|In Brazil's seventh World Cup-related death, the construction company behind the Itaquero stadium confirmed yesterday that a worker had died after falling at the site|
Brazil was hit by the seventh World Cup-related death yesterday after a worker fell at the stadium which will host the championship's opener in Sao Paulo.
Fabio Hamilton da Cruz, whose age was not disclosed, fell about 26 feet while helping install temporary seats at the Itaquerao stadium construction company Fast Engenharia said in a statement.
Firefighters said the worker fell from about 50 feet and press office of the Hospital Santa Marcelina in Sao Paulo confirmed the death, saying the worker did not survive serious head injuries.
The worker was pronounced dead just before he was expected to undergo surgery.
Details on the accident were not immediately released, but Fast Engenharia said the man was wearing all the required safety equipment at the time of the fall.
Brazil's sports minister, Aldo Rebelo, released a statement lamenting the death and saying officials were awaiting results from an investigation into what happened.
FIFA Secretary General Jerome Valcke said on his Twitter account that he was 'deeply saddened by the tragic loss of a worker."
Deeply saddened by the tragic loss of a worker at Arena SÃ£o Paulo today. My thoughts and condolences are with his family & colleagues.
— JÃ©rÃ´me Valcke (@jeromevalcke) March 29, 2014
FIFA and the local World Cup organizing committee said in a statement that they were waiting for the official report on the death.
'For FIFA, the LOC and the Brazilian authorities safety is paramount,' the statement said.
The accident comes some four months after two workers died when a crane collapsed at the stadium while hoisting a 500-tonne piece of roofing.
It was the eighth death at World Cup venues so far, the seventh in accidents.
Three workers died in the Arena da Amazonia in the jungle city of Manaus, including a 55-year-old Portuguese man killed while disassembling a crane that was used to install the stadium's roof earlier this year.
Another worker died at the stadium of a heart attack. In 2012, a worker died at the construction site of the stadium in the nation's capital, Brasilia.
Construction was already behind schedule in Sao Paulo because of the damage caused by the earlier accident in late November, when the roofing structure fell on part of the stadium's facade.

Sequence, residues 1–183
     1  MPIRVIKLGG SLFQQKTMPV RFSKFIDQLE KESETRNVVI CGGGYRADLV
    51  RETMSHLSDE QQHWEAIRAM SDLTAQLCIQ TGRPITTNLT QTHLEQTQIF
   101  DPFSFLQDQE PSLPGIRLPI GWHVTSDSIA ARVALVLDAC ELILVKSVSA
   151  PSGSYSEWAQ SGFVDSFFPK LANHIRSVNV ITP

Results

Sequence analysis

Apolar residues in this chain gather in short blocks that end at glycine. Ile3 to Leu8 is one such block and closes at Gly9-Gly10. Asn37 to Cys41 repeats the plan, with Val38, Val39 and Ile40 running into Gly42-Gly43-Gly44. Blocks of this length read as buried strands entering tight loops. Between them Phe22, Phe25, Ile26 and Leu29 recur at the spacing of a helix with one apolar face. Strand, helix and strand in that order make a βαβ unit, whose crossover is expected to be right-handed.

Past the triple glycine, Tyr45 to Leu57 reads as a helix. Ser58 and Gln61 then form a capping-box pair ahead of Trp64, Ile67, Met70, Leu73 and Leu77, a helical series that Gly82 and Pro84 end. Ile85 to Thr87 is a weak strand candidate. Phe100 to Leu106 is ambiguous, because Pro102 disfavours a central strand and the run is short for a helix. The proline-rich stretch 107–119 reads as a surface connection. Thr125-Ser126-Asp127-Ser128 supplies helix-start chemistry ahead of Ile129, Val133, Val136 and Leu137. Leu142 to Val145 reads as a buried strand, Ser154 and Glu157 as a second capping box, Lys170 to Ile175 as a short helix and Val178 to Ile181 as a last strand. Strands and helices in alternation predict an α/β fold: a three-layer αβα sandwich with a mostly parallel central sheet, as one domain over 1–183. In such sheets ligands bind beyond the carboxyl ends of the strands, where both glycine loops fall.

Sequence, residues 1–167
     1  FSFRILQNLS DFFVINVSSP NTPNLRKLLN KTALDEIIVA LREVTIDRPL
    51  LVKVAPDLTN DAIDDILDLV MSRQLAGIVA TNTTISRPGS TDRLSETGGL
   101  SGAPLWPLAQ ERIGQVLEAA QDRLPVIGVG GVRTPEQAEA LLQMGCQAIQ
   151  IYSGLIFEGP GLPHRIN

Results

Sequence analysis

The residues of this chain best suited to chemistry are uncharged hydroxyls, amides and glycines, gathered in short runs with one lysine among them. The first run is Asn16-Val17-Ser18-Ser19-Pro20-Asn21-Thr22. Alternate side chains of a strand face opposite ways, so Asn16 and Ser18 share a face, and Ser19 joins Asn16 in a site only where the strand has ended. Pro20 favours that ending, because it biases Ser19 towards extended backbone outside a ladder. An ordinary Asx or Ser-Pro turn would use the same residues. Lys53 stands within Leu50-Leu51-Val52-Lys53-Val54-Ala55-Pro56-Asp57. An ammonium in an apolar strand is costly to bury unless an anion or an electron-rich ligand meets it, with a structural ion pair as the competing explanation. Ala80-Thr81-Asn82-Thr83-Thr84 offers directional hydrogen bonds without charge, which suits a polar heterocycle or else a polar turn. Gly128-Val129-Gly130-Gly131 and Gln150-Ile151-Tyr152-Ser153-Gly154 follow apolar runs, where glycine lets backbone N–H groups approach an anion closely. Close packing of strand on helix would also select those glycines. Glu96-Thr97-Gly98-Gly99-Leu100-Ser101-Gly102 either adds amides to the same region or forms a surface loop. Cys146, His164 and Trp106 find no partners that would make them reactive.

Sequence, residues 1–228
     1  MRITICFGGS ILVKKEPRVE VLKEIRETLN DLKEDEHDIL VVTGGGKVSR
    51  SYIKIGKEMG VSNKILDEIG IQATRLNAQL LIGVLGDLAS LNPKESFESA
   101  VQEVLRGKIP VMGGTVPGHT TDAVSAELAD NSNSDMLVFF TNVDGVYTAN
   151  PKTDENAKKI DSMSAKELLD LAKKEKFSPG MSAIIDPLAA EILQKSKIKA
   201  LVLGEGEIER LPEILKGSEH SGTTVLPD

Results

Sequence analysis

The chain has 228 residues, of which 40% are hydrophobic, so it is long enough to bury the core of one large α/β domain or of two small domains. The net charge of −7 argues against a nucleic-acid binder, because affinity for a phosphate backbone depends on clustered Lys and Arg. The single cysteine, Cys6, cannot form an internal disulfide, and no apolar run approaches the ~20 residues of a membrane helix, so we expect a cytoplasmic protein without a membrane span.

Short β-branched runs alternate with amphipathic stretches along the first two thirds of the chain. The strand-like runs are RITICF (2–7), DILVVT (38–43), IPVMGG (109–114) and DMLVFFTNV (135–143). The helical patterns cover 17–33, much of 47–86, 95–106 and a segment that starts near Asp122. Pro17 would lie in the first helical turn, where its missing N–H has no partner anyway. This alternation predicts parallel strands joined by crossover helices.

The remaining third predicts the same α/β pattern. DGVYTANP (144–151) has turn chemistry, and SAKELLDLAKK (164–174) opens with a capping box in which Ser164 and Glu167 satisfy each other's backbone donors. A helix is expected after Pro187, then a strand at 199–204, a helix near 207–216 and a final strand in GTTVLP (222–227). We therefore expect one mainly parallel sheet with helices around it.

Although the venue was originally planned to be finished by 'early 2014' FIFA said it was expecting the venue to be finished in mid-May, around a month before the June 12 opener.
It was not clear if Saturday's incident would prompt further delays.
The stadium is also known as the Conrinthians Arena - after the football club that it is home to. The stadium is located in Sao Paulo's Eastern District, one of the city's most deprived areas.
The area is home to nearly four million people and the building will have a capacity of 48,000 upon completion. The contract was valued at £226 million when work began.
About 20,000 temporary seats were being added to the new stadium to increase its capacity for the high-profile inaugural match between host Brazil and Croatia.
Construction at Brazil stadiums has been plagued by delays and three venues remain unfinished less than three months before the opener.
The other two stadiums under construction are the Arena Pantanal, in the city of Cuiaba, and the Arena da Baixada, in the southern city of Curitiba.
Brazil promised that all 12 stadiums would be ready by the end of last year but only six were completed by the scheduled date.
All of the completed stadiums were used in last year's Confederations Cup, a World Cup warm-up tournament.
Infrastructure work across Brazil also remains far from completed but authorities continue to insist that the country will be ready to host its first World Cup since 1950.